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Association of California School Administrators
Association of California School Administrators
Newsom: Schools should return to full in-person instruction this fall
April 12, 2021
California’s Blueprint for a Safer Economy and its tiered system for restricted activities during the coronavirus pandemic could be gone by mid-June if positive trends continue, Gov. Gavin Newsom said during a news conference April 6.
Citing anticipated increases to the COVID-19 vaccine supply and the current low level of hospitalizations, Newsom said California could be back to “business as usual” by June 15, as long as residents remain vigilant and continue to wear face coverings.
“With more than 20 million vaccines administered across the state, it is time to turn the page on our tier system and begin looking to fully reopen California’s economy,” said Newsom, in a news release. “We can now begin planning for our lives post-pandemic. We will need to remain vigilant, and continue the practices that got us here — wearing masks and getting vaccinated — but the light at the end of this tunnel has never been brighter.”
Newsom stated that schools should plan to conduct full-time, in-person instruction in the fall, in compliance with Cal/OSHA emergency temporary standards and public health guidelines.
State Superintendent of Public Instruction Tony Thurmond said he shared Newsom’s optimism that California’s schools have a clear pathway to returning to in-person teaching in the fall.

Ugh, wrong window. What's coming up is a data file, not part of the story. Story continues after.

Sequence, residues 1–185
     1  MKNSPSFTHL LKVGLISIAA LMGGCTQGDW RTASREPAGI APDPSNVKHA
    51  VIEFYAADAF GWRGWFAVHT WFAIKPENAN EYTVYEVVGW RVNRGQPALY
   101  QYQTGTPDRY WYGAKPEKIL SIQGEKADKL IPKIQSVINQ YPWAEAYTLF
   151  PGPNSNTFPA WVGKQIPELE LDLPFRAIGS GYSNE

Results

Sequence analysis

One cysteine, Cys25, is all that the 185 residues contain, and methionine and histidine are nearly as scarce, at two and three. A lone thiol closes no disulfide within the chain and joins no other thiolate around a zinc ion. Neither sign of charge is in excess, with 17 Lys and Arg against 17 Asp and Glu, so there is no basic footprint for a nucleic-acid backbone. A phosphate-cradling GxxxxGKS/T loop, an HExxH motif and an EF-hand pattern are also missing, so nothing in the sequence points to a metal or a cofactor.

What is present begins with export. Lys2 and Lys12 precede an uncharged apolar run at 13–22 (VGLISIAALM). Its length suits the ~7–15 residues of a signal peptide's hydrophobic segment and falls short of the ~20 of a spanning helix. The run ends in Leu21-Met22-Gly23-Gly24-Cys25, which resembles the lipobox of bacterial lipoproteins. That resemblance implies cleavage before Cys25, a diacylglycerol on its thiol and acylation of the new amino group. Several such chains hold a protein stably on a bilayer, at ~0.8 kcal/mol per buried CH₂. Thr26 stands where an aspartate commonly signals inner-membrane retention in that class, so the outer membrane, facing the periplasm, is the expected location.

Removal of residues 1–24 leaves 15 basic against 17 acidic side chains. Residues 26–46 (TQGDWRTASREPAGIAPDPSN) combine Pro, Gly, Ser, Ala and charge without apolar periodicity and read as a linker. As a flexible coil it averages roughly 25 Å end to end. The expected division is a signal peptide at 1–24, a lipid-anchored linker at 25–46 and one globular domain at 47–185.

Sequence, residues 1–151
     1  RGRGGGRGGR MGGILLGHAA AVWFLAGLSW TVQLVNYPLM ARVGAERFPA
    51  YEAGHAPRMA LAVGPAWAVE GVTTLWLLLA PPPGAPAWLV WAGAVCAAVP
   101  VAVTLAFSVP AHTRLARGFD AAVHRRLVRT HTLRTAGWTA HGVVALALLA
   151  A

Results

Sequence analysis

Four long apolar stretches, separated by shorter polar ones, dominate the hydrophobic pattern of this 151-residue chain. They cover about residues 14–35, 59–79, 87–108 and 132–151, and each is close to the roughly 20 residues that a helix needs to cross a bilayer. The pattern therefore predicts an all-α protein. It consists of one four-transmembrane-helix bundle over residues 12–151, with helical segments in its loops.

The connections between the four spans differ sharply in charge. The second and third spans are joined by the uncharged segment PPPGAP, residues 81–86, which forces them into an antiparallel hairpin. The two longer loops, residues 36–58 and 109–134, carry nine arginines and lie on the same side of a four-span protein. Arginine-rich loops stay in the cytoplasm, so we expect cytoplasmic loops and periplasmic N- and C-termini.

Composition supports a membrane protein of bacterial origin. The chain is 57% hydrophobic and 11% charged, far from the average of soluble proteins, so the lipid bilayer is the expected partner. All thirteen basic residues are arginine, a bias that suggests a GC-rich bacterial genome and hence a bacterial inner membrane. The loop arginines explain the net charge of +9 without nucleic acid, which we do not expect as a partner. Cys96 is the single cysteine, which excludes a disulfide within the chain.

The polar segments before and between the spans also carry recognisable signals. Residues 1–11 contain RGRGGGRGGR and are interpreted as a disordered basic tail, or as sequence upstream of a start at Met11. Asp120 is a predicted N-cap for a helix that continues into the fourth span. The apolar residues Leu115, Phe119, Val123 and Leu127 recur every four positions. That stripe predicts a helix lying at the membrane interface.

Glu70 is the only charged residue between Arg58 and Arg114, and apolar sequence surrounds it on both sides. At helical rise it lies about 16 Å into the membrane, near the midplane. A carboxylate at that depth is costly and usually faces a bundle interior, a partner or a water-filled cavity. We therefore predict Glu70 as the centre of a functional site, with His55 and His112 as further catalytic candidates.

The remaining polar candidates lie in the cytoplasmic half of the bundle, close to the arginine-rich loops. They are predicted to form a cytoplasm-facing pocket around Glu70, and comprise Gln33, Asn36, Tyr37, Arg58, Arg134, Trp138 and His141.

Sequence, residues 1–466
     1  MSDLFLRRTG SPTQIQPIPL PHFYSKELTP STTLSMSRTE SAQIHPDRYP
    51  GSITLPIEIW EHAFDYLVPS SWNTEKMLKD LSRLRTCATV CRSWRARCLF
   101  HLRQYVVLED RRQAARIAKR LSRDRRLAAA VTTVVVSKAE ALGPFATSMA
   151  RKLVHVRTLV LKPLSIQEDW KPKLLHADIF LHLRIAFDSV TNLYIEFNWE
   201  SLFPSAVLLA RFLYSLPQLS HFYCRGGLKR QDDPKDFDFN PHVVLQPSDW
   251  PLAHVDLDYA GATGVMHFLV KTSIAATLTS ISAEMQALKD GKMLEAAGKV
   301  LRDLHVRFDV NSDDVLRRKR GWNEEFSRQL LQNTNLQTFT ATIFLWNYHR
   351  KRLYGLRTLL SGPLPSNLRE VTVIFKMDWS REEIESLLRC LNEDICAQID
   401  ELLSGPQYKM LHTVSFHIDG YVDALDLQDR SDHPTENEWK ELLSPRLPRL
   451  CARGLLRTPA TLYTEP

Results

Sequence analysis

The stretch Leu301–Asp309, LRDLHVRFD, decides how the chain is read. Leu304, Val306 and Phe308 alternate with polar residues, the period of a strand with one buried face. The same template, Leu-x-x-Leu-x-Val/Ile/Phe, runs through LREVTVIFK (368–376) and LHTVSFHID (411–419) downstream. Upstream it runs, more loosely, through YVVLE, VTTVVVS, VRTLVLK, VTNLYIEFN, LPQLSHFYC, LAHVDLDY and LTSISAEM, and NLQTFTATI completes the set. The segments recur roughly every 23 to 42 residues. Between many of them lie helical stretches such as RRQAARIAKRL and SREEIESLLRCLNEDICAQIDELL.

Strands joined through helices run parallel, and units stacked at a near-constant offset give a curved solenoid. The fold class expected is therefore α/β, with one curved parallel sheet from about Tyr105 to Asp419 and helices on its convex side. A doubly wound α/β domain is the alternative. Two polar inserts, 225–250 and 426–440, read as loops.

“To support school districts as they continue to welcome more and more students back to campuses, the California Department of Education has spent recent weeks connecting school leaders to the best strategies and resources to implement the layered safety measures public health experts encourage — such as rapid COVID-19 testing and proper ventilation — that will facilitate a safe and sustainable return to in-person learning for students, school staff, teachers and their families,” Thurmond said, in a statement. “We must prepare for the possibility that there will be some families who cannot or may choose not to send their students back to school campuses this fall, and schools may need the flexibility to offer some form of remote learning.”
The state Legislature would need to decide whether distance learning would still be allowed in the 2021-22 school year, said Edgar Zazueta, ACSA’s senior director of governmental relations, during a April 7 episode of ACSA’s Legislative Lunch Break.
“I think it’s a safe assumption that distance learning will be an option for next year,” he said, adding that there may be other parameters that affect what it would look like. “I would not be surprised if there’s policy items put in place to dis-incentivize the use of hybrids in the next year.”
Thurmond reiterated that addressing opportunity gaps experienced by students during the pandemic would be an urgent focus when students return.
“I have convened state leaders, equity groups, superintendents, school employee groups, and other partners to better understand and identify ways we can support the immediate and long-term academic needs of our students, as well as strategies for prioritizing relationships, addressing trauma, and supporting social emotional wellness,” he said.
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